There is also a general perception that development can happen rapidly, which is completely not the case when you are dealing with establishment ideals, systemic issues and problems, and the cultural expectations and perception of what education is and what it’s for. An example would be the teacher who says “games in the classroom is all very well, but it’s not learning, is it?” since the perception of learning is pupils sitting, listening to the teacher talking, then writing in their book.

What kind of people tend to do well?

You have to be strong mentally and emotionally (and sometimes physically). You are often working alone, or with a small group of people, so you have to be ready to be self-motivating and challenging, whilst also not being too hard on yourself.

I do this work because I genuinely care about people and about making a difference in the world, that’s what motivates me. I suppose you could do this job if you had other reasons, but I doubt it’s the job for you if you’re only interested in making money, or personal glory or gain.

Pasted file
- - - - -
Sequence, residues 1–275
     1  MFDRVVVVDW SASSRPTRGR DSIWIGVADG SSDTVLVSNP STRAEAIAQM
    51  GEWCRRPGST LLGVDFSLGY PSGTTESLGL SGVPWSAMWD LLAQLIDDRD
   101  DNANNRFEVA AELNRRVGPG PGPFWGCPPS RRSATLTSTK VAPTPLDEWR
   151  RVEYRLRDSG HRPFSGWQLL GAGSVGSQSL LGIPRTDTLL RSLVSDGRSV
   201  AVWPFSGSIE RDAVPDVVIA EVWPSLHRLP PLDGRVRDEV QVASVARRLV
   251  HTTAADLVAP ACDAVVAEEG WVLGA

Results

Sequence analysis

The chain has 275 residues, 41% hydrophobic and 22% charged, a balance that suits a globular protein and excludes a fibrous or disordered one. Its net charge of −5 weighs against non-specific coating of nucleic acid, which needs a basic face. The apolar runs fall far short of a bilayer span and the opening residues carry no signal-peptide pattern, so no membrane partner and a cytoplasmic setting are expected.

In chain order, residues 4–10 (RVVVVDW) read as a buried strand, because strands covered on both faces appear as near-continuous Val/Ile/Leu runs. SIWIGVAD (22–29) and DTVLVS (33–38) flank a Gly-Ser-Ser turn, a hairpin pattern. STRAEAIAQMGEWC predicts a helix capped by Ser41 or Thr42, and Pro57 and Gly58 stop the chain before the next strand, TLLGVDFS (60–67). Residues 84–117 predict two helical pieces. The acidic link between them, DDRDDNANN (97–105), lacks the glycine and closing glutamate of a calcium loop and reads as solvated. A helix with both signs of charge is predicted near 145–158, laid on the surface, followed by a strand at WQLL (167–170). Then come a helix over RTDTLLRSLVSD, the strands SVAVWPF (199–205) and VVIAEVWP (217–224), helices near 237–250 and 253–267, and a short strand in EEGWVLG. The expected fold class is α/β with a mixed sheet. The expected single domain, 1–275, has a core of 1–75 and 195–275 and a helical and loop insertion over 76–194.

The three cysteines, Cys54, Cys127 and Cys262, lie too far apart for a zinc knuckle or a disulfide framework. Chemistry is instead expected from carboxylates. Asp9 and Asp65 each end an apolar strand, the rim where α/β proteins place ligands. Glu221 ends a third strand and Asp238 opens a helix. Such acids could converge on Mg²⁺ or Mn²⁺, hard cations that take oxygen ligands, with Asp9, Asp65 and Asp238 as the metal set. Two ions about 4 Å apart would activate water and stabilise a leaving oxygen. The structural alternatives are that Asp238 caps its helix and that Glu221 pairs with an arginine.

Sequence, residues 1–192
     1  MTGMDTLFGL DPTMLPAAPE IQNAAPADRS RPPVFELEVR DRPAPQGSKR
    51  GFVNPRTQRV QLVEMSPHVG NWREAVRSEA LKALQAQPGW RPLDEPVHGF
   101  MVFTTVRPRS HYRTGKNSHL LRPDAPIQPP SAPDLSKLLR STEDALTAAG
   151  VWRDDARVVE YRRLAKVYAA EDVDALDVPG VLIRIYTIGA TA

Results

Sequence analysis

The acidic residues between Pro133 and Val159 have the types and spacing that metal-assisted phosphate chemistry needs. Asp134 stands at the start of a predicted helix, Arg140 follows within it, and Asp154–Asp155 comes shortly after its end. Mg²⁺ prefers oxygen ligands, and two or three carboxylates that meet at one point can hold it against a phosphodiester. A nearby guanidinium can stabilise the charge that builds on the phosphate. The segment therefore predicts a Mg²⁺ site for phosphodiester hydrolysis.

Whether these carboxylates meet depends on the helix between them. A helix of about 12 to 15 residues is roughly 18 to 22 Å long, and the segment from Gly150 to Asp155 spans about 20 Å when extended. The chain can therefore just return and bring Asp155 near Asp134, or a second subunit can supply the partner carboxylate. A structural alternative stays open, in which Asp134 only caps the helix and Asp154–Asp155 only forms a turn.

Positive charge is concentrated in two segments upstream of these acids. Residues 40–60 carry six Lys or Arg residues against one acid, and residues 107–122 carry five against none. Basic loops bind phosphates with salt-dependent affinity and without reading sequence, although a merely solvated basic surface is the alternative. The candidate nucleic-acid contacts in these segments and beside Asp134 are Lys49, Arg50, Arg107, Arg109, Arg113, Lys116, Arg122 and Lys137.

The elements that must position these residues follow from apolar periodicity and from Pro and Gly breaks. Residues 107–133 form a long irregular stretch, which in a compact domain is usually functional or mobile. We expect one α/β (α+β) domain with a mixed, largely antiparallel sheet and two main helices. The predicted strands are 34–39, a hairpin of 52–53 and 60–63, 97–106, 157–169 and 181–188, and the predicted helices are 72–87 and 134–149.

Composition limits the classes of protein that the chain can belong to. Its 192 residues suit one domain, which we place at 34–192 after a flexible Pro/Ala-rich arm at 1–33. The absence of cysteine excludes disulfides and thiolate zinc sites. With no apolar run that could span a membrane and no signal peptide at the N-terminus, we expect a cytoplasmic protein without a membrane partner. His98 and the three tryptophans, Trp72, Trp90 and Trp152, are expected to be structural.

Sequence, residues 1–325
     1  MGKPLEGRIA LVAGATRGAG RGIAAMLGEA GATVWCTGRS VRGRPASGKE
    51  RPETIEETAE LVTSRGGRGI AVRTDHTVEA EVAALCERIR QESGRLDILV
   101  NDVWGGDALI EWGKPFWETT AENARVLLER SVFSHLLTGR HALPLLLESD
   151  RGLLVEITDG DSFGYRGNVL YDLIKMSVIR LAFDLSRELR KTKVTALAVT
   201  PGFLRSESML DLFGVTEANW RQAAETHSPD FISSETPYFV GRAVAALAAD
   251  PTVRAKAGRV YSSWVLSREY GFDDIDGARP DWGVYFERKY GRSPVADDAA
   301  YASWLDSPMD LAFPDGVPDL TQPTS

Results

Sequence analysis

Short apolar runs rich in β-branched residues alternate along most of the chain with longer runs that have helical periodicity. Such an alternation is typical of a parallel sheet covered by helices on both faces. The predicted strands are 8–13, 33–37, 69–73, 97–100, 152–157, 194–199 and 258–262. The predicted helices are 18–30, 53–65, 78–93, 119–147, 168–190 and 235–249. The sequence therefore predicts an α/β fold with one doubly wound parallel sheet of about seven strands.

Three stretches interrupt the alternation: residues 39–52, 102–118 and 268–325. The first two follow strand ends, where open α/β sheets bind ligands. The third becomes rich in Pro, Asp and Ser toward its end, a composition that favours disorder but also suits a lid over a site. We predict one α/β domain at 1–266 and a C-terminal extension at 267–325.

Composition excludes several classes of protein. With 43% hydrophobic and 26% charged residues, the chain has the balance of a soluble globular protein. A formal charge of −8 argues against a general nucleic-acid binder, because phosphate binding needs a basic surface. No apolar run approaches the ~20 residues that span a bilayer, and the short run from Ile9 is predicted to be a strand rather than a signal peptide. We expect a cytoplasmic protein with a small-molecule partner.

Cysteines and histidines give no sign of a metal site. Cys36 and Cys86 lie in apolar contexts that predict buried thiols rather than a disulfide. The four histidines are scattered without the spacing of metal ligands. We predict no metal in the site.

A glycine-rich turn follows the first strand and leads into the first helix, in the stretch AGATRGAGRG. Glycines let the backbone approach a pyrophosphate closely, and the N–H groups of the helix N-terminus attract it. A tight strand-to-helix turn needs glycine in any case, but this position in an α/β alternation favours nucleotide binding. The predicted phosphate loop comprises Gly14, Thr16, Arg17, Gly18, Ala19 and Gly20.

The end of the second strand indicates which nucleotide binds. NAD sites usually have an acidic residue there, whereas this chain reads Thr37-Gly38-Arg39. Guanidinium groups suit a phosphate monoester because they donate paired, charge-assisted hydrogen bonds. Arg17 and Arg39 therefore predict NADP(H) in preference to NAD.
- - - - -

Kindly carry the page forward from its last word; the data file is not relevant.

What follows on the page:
Other strengths needed are an ability to empathise with others, to understand their perspective- especially important when you’re working at multiple levels- the concerns and motivations are very different for a teacher, a headmaster, a Ministry Official, a parent and, of course, a child. Being able to understand those views enables you to try and work out a pathway through which everyone can be involved in, and is the best for all concerned.

At the same time you have to be able to think of the “bigger picture” which sometimes means making hard decisions in the interests of sustainable development (yes, you could buy the pupils presents, or give books to the teachers, but what happens when you leave? Yes, you could give lessons for free to parents, but does that put extra pressure on teachers to carry on when you leave?).